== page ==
Cyberattacks on a key internet firm repeatedly disrupted the availability of popular websites across the East Coast of the United States on Friday, according to analysts and company officials.
The White House described the disruption as malicious. Members of a hacker group spread across China and Russia claimed responsibility, although their assertion couldn't be verified.
Manchester, N.H.-based Dyn Inc. said its server infrastructure was hit by what are known as distributed denial-of-service attacks, which work by overwhelming targeted machines with junk data. The attack affected users trying to access popular websites across America and in Europe, including such sites as Twitter, Netflix and PayPal.
The level of disruption was difficult to gauge, but Dyn provides internet traffic management and optimization services to some of the biggest names on the web. Critically, Dyn provides domain name services, which translate addresses such as "twitter.com" into an online route for browsers and applications.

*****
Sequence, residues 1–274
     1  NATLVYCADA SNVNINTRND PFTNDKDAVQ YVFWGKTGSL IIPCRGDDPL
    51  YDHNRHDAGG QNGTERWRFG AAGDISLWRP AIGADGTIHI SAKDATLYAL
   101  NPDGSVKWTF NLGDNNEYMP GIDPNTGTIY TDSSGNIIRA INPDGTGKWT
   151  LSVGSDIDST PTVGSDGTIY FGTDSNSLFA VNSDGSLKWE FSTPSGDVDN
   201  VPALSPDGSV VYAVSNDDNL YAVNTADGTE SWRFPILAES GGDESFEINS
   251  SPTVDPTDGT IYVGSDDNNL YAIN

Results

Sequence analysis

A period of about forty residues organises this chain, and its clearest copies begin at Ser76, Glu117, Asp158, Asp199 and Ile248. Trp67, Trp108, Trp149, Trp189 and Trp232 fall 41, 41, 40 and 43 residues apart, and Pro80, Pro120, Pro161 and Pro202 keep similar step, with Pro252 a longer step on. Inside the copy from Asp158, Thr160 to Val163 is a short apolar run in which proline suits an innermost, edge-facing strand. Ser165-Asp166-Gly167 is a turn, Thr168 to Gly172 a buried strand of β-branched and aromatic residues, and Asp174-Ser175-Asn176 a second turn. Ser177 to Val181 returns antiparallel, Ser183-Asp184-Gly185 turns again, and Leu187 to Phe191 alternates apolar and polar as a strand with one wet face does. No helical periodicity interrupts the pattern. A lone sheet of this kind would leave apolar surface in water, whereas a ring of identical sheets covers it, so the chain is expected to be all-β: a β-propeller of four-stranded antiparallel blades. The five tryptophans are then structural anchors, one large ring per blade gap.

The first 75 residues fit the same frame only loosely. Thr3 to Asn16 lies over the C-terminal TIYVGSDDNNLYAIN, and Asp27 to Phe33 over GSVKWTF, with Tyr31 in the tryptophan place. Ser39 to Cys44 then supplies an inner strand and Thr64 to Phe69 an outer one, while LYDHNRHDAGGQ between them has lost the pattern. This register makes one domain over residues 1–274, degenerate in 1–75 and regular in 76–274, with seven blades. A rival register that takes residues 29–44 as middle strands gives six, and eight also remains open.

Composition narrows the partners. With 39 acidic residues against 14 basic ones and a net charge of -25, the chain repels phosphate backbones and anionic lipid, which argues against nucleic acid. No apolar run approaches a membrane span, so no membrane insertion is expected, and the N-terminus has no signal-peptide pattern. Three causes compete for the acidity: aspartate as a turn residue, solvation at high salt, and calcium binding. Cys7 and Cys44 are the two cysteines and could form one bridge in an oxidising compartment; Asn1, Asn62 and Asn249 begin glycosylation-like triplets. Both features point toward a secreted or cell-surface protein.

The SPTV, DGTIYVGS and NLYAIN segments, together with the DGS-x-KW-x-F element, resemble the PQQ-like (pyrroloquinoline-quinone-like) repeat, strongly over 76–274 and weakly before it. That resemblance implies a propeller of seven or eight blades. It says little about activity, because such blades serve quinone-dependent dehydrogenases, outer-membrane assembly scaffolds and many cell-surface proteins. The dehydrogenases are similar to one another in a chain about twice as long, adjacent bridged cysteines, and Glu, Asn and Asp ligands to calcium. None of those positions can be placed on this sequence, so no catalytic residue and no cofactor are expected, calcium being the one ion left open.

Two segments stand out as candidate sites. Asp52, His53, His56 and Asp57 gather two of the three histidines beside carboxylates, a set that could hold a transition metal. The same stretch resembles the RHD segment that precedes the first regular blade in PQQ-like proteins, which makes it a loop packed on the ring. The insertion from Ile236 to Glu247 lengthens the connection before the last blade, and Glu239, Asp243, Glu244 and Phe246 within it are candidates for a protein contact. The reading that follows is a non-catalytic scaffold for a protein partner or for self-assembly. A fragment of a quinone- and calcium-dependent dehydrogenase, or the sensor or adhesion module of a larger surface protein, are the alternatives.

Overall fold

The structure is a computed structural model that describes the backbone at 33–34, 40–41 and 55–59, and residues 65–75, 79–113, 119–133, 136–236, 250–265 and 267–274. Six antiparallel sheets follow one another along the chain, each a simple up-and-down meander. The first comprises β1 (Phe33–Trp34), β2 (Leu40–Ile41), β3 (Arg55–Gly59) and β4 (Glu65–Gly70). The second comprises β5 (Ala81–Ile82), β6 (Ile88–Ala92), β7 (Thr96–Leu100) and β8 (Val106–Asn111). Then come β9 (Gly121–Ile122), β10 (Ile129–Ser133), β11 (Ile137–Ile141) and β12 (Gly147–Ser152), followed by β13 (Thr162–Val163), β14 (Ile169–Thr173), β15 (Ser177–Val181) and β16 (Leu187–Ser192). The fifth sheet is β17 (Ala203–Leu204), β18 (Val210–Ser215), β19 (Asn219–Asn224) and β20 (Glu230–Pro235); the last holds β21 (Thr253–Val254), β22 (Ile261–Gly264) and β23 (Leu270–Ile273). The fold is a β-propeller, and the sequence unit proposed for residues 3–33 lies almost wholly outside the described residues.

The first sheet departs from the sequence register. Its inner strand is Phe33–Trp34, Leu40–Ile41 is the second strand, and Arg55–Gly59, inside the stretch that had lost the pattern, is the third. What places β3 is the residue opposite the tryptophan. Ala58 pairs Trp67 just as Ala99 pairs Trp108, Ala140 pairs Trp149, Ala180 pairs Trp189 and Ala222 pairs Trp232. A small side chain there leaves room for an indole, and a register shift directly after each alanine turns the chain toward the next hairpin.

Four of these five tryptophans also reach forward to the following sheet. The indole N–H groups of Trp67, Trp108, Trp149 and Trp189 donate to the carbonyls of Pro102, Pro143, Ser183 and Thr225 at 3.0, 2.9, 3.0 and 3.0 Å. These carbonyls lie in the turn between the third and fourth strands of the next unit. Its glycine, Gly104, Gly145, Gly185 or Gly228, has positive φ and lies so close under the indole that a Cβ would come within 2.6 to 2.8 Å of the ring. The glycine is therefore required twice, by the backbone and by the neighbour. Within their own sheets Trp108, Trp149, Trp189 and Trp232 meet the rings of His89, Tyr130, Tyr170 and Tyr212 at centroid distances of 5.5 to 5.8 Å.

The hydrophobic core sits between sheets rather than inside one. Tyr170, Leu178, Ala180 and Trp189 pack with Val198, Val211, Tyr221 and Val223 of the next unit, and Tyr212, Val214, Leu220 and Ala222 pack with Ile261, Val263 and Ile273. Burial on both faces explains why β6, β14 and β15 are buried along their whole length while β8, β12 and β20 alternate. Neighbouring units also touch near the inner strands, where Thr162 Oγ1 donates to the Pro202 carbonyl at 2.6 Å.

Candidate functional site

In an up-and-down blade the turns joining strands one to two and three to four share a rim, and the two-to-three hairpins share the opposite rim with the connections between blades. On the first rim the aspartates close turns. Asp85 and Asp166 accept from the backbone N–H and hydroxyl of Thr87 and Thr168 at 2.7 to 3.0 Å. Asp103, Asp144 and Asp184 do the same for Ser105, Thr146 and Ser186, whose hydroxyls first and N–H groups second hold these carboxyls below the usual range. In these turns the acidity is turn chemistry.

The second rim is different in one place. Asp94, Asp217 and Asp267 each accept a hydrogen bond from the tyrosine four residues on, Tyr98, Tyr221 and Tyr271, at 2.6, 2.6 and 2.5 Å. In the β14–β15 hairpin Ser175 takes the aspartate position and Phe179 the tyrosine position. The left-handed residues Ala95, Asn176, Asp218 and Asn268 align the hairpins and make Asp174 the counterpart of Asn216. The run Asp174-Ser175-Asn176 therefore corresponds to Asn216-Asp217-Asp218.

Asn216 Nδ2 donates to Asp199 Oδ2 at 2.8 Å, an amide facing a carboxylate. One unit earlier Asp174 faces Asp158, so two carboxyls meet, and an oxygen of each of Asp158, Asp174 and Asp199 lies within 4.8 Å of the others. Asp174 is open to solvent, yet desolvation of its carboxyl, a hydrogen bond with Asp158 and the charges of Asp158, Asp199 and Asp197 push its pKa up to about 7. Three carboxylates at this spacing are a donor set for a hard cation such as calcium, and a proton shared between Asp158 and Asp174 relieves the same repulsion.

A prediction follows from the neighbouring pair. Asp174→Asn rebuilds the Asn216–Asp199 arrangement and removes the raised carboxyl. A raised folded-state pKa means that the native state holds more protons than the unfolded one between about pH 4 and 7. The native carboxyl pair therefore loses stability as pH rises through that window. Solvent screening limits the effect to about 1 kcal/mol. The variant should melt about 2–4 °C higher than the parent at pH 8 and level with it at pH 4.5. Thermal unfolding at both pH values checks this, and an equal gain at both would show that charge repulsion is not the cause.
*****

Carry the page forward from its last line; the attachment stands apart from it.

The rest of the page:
Steve Grobman, chief technology officer at Intel Security, compared an outage at a domain name services company to tearing up a map or turning off GPS before driving to the department store.
"It doesn't matter that the store is fully open or operational if you have no idea how to get there," he said.
Jason Read, founder of the internet performance monitoring firm CloudHarmony, said his company tracked a half-hour-long disruption early Friday in which roughly one in two users would have found it impossible to access various websites from the East Coast. A second attack later in the day caused disruption to both coasts as well as affecting some users in Europe.
"It's been pretty busy for those guys," Read said. "We've been monitoring Dyn for years, and this is by far the worst outage event that we've observed."
Read said Dyn provides services to some 6 percent of America's Fortune 500 companies.
"It impacted quite a few users," he said of the morning's attack.
Members of a shadowy hacker collective that calls itself New World Hackers claimed responsibility for the attack via Twitter. They said they organized networks of connected "zombie" computers that threw a staggering 1.2 terabits per second of data at the Dyn-managed servers.